Prosecutors perform their duties as part of a service relationship, which is established when they are appointed. Prosecutors are appointed by the Prosecutor-General to prosecutorial positions without a time limit. Prosecutors must swear an unconditional oath when taking up their positions.
Prosecutors must be Slovak nationals and meet the following conditions. They must:
- be at least 25 years of age on the date of their appointment;
- be a law graduate;
- have full legal capacity;
- have no criminal record, and be of sound character to carry out their functions properly;
- have perfect command of Slovak;
- have permanent residence in the Slovak Republic;
- not be a member of any political party or political movement;
- have passed the prosecutorial examination;
- consent in writing to being appointed as a prosecutor in a particular prosecution office.
To become a prosecutor of a military prosecutor’s office, the following conditions must be met. The prosecutor must have:
- served in the military as a professional soldier;
- been appointed or promoted to the rank of officer or of general;
- been appointed to discharge duties in a military prosecutor’s office under the relevant legislation.
Only a trainee prosecutor in the Public Prosecution Service may register for the prosecutorial examination. Vacancies for trainee prosecutors are filled by means of a selective examination.
Judicial expert examinations, bar examinations and notarial examinations also qualify as prosecutorial examinations under the Act.
Career promotion to the position of head prosecutor or to a higher position in a prosecutor’s office is possible only by means of a selection examination.
The temporary secondment of a prosecutor to perform tasks in another prosecutor’s office is subject to their consent. Prosecutors may be transferred to another prosecutor’s office only if they consent to the transfer, apply to be transferred or are transferred under a disciplinary measure imposed on them.
The Prosecutor-General may suspend a prosecutor if he or she is prosecuted for an intentional criminal offence or subject to disciplinary proceeding for an act that could result in their removal from prosecutorial duties.
The service relationship of a prosecutor may be terminated only for reasons defined by law.
Roles and responsibilities
A prosecutor has the authority to supervise compliance with the law both before prosecution and during preliminary proceedings. In carrying out their supervisory duties, prosecutors have the power to:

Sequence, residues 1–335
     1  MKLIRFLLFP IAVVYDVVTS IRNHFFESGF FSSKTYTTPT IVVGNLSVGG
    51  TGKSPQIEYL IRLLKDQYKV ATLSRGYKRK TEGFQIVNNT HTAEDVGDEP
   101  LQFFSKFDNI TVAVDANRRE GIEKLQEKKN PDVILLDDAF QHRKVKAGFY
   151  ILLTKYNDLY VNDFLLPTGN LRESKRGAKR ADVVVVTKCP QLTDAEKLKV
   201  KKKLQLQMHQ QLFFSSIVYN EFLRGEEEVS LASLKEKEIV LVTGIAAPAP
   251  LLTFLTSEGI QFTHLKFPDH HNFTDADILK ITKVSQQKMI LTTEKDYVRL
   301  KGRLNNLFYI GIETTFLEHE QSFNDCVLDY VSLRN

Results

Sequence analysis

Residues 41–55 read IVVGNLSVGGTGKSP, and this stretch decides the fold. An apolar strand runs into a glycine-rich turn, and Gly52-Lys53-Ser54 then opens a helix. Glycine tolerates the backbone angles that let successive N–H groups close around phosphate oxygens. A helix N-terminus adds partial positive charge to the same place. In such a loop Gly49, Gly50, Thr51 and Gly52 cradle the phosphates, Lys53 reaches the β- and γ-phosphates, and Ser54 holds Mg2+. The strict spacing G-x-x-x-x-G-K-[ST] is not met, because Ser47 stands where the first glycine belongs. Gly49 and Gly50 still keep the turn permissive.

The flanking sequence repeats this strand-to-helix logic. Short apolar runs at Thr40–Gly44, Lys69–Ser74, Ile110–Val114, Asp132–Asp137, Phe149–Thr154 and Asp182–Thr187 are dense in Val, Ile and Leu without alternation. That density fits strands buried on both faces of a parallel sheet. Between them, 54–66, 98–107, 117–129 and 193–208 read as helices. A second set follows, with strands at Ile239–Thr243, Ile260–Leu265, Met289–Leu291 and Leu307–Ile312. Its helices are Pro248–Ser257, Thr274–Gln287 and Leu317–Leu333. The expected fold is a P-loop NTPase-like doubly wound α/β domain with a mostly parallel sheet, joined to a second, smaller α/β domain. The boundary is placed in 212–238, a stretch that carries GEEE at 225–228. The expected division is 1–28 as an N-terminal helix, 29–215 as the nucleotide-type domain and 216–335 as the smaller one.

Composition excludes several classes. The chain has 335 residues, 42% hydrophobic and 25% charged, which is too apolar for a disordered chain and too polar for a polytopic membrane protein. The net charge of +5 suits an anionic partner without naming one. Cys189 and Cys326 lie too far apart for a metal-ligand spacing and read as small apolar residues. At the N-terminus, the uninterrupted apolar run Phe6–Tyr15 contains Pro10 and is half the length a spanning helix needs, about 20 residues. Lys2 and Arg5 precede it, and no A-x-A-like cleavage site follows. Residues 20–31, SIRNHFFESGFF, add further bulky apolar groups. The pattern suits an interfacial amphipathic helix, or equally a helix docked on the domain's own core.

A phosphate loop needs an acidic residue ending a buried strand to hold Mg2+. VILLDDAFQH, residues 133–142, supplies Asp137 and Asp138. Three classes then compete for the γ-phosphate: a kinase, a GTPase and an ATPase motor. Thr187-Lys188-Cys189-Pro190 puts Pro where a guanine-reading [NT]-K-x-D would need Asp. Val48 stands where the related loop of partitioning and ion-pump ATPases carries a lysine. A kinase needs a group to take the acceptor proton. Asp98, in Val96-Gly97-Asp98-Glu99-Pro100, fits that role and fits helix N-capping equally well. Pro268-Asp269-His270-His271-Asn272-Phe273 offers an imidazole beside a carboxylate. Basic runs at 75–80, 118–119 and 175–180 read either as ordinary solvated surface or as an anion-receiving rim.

- issue binding instructions to members of the police, before criminal proceedings begin, during the investigation and summary investigation of criminal acts, and to impose time limits for handling a case; any instruction must be included in the relevant case file;.
- request files, documents, materials and reports on the status of a police investigation when a prosecution has already begun, in order to establish whether the police launched the prosecution promptly and are acting correctly;
- participate in police actions, carry out individual investigative activities or conduct the entire investigation or summary investigation, issue a decision in any case; in doing so, the prosecutor must act in accordance with the Act; complaints against prosecutors’ decisions may be lodged in the same way as against police decisions;
- refer the matter back to the police with instructions to supplement the investigation or summary investigation and determine a time limit for this; the prosecutor notifies both the accused and the injured person that a case has been referred back;
- cancel unlawful or unjustified decisions by the police and replace these with his/her own decisions; a prosecutor may decide to discontinue a criminal prosecution or transfer a case elsewhere within 30 days, if the prosecutor replaces a police decision with his or her own decision other than on the basis of a complaint submitted by an entitled party; a complaint may be made against the prosecutor’s decision and police resolution; a prosecutor may also issue binding instructions to launch an investigation and summary investigation.
Only a prosecutor has the power to:
- bring charges;
- conclude an agreement with the accused person on their guilt and punishment and submit a motion to the court for this to be approved;
- suspend a criminal prosecution;
- discontinue or provisionally discontinue a criminal prosecution;
- approve conciliation or a pre-trial settlement and discontinue criminal prosecution;
- issue an order to seize an accused person’s property and determine which possessions should not be seized, or cancel such a seizure;